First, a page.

As for the straight line thing, it's generally considered good horsemanship in my area to keep your forearms pointed directly at the horse's mouth even if you don't have contact on the reins. *looking down is one of my many bad riding habits, especially on greenies *


Now, because I start training neck reining within just a few rides of them being backed, I usually start riding in only one hand and use the other for corrections only. When I start this, I keep the reins bridged across their neck and I hold them like this because I can angle my hand to give direction with the leading (direct) rein. I can pull with the pinky side of my hand to go left or I can pull with the thumb side to go right)




Then, when they are neck reining well and I no longer feel the need to bridge my reins, I hold them like this with both tails on the left side of my horse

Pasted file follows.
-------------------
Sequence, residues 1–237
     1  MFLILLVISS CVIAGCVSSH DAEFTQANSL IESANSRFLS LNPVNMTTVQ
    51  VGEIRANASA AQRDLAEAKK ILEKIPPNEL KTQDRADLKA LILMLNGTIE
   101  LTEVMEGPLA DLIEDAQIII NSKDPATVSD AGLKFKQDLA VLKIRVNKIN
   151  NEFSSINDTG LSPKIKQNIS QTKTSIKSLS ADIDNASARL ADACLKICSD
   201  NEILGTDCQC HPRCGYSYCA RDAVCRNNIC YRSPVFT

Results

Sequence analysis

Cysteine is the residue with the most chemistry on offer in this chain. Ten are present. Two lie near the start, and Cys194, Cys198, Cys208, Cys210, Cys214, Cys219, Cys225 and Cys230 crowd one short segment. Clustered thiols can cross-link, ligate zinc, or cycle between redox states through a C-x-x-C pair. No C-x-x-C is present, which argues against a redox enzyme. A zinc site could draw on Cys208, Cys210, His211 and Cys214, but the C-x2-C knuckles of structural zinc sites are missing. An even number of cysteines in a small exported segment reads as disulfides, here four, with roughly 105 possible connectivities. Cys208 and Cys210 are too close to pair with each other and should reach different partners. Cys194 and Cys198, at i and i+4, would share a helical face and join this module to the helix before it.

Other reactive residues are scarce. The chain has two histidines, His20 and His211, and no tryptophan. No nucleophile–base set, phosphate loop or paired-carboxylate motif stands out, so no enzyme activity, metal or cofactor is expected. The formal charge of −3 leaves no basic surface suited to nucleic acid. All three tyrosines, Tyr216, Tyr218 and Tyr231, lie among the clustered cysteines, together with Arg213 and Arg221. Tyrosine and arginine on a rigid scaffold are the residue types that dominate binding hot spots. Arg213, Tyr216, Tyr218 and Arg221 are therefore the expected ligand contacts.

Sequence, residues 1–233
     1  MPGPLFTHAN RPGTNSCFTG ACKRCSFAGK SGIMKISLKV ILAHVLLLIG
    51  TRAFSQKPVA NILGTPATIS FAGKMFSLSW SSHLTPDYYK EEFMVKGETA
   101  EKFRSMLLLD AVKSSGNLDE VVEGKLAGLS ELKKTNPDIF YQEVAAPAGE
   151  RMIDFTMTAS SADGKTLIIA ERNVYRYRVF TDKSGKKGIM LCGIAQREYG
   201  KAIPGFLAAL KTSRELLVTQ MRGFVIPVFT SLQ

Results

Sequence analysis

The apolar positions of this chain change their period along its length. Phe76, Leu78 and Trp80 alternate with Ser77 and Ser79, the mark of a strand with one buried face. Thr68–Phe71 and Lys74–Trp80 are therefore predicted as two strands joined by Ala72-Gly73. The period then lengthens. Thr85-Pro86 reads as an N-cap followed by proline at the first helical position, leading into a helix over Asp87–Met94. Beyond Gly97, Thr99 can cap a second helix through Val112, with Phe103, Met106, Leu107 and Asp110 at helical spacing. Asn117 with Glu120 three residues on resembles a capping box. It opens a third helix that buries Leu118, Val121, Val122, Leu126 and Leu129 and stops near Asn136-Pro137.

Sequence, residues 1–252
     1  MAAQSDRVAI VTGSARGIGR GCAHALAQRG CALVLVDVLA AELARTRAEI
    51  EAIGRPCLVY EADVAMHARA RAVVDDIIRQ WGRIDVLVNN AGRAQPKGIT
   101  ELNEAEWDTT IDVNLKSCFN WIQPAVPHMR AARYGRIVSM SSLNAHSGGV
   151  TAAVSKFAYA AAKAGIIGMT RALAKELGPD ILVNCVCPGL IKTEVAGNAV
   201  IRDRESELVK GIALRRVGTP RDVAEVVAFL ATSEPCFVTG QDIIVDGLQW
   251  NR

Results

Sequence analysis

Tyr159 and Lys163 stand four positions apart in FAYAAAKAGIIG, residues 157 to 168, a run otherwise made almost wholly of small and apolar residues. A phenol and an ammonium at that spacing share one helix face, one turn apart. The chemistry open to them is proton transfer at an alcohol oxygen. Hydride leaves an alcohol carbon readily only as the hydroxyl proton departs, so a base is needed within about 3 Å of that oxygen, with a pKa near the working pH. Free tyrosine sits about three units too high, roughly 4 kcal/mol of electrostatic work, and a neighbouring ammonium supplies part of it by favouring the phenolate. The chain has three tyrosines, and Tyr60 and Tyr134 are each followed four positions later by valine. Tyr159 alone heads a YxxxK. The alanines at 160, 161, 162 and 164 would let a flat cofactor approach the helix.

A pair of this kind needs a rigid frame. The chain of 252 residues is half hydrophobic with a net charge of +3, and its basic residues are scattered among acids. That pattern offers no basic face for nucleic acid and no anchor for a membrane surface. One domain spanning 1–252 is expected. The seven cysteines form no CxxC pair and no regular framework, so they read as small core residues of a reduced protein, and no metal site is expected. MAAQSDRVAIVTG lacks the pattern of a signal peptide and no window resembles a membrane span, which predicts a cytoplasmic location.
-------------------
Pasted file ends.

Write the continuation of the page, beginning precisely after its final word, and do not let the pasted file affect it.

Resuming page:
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post #28 of 33 Old 08-26-2015, 12:27 AM
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^Good, solid post! I do hold my reins like in the top photo, but I also show so that's probably why xD
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The sensitivity of the internet baffles me.
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post #29 of 33 Old 08-26-2015, 12:35 AM
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I think that's the thing . Since I'm always riding on the trail or working cattle, I need to be ready to have one hand free in the blink of an eye. I guess it's easier to manage that when you already have both reins in both hands.
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post #30 of 33 Old 08-26-2015, 12:37 AM
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Absolutely makes sense!
I really enjoy the different ways that people effectively ride their horses. I am of the opinion that there is more than one way to skin a cat, and we can only benefit from learning them all! <3